The first sub to go dark was /r/IAMA. One of its mods, a user called "karmanaut," explained that they had no choice, because they have to rethink how AMAs are conducted now that Victoria is gone:
The admins didn't realize how much we rely on Victoria. Part of it is proof, of course: we know it's legitimate when she's sitting right there next to the person and can make them provide proof. We've had situations where agents or others have tried to do an AMA as their client, and Victoria shut that shit down immediately. We can't do that anymore.
Part of it is also that Victoria is an essential lifeline of communication. When something goes wrong in an AMA, we can call and get it fixed immediately. Otherwise, we have to resort to desperately try messaging the person via Reddit...Part of it is also organization. The vast majority of scheduling requests go through her and she ensures that we have all of the standard information that we need ahead of time (date, time, proof, description, etc.) and makes it easier for the teams that set up AMAs on both ends. She ensures that things will go well and that the person understands what /r/IAMA is and what is expected of them. Without her filling this role, we will be utterly overwhelmed.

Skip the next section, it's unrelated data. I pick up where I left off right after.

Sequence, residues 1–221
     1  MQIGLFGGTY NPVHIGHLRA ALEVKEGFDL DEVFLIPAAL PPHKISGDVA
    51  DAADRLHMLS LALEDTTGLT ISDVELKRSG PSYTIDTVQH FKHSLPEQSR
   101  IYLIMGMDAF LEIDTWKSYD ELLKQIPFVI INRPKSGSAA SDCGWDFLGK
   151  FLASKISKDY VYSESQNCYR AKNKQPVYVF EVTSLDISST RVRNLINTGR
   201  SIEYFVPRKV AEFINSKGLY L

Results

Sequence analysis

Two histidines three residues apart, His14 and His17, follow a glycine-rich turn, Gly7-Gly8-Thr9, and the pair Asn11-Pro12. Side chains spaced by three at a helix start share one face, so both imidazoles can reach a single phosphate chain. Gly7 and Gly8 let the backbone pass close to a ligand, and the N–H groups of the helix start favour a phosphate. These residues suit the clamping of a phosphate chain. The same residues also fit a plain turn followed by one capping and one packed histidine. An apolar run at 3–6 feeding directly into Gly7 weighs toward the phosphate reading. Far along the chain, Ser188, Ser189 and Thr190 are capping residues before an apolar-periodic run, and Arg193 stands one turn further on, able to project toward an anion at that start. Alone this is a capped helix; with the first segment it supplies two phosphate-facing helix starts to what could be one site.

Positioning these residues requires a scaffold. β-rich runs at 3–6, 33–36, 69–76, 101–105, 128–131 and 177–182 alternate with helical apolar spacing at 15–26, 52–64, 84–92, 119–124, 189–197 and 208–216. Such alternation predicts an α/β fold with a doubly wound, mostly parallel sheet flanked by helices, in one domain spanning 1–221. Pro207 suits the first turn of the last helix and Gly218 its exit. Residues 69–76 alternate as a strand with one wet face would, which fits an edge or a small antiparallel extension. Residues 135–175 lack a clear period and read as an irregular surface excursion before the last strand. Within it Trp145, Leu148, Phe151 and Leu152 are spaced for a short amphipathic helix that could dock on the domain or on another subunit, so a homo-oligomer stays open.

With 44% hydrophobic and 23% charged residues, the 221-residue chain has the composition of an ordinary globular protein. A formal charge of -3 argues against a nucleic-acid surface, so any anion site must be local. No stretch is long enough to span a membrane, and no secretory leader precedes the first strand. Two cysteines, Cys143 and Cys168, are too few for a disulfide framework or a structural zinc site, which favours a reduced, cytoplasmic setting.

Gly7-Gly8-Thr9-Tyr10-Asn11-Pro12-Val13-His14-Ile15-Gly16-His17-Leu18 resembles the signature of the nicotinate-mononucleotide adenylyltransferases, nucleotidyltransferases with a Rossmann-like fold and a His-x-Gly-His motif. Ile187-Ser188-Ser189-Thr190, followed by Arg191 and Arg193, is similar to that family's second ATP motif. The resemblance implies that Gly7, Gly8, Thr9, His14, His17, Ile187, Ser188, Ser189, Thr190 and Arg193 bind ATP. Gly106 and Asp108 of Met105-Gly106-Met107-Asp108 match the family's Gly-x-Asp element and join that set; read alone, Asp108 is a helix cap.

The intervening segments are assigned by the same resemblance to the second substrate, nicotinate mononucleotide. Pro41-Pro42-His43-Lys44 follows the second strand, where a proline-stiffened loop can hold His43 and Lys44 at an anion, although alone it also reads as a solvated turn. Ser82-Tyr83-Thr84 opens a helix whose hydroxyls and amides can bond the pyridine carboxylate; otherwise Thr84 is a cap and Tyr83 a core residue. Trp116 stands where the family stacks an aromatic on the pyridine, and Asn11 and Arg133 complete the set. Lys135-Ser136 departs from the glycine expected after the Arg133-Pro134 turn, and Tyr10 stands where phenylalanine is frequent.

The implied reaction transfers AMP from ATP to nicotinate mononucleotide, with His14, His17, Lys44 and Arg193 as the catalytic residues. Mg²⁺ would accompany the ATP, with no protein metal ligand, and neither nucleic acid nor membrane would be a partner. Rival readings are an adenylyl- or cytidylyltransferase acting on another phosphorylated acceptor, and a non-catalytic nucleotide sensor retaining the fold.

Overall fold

Other subreddits followed in solidarity, as you can see in this list. The biggest ones there are /r/askreddit, /r/gaming, /r/pics and /r/science, though some entries in the list have already lifted the restrictions they placed earlier.
Neither Miss Taylor nor Reddit has offered any clarification on what happened behind the scenes, but some people speculate that she took the fall for that disastrous Rev. Jesse Jackson AMA. Others think she might have been the victim of a budget cut, while there are those who think she was fired because she lives in New York. Former CEO Yishan Wong admitted last year that the company wanted all its employees to relocate to San Francisco. During her time as the AMA section's czar, she helped set up sessions with and/or transcribed for Elijah Wood, Marilyn Manson, Chris Pratt, Robin Williams, Bill Gates and even the POTUS, just to name a few.
[Image credit: Veronica Belmont/Flickr]
Update: It appears /r/IAMA is now back online.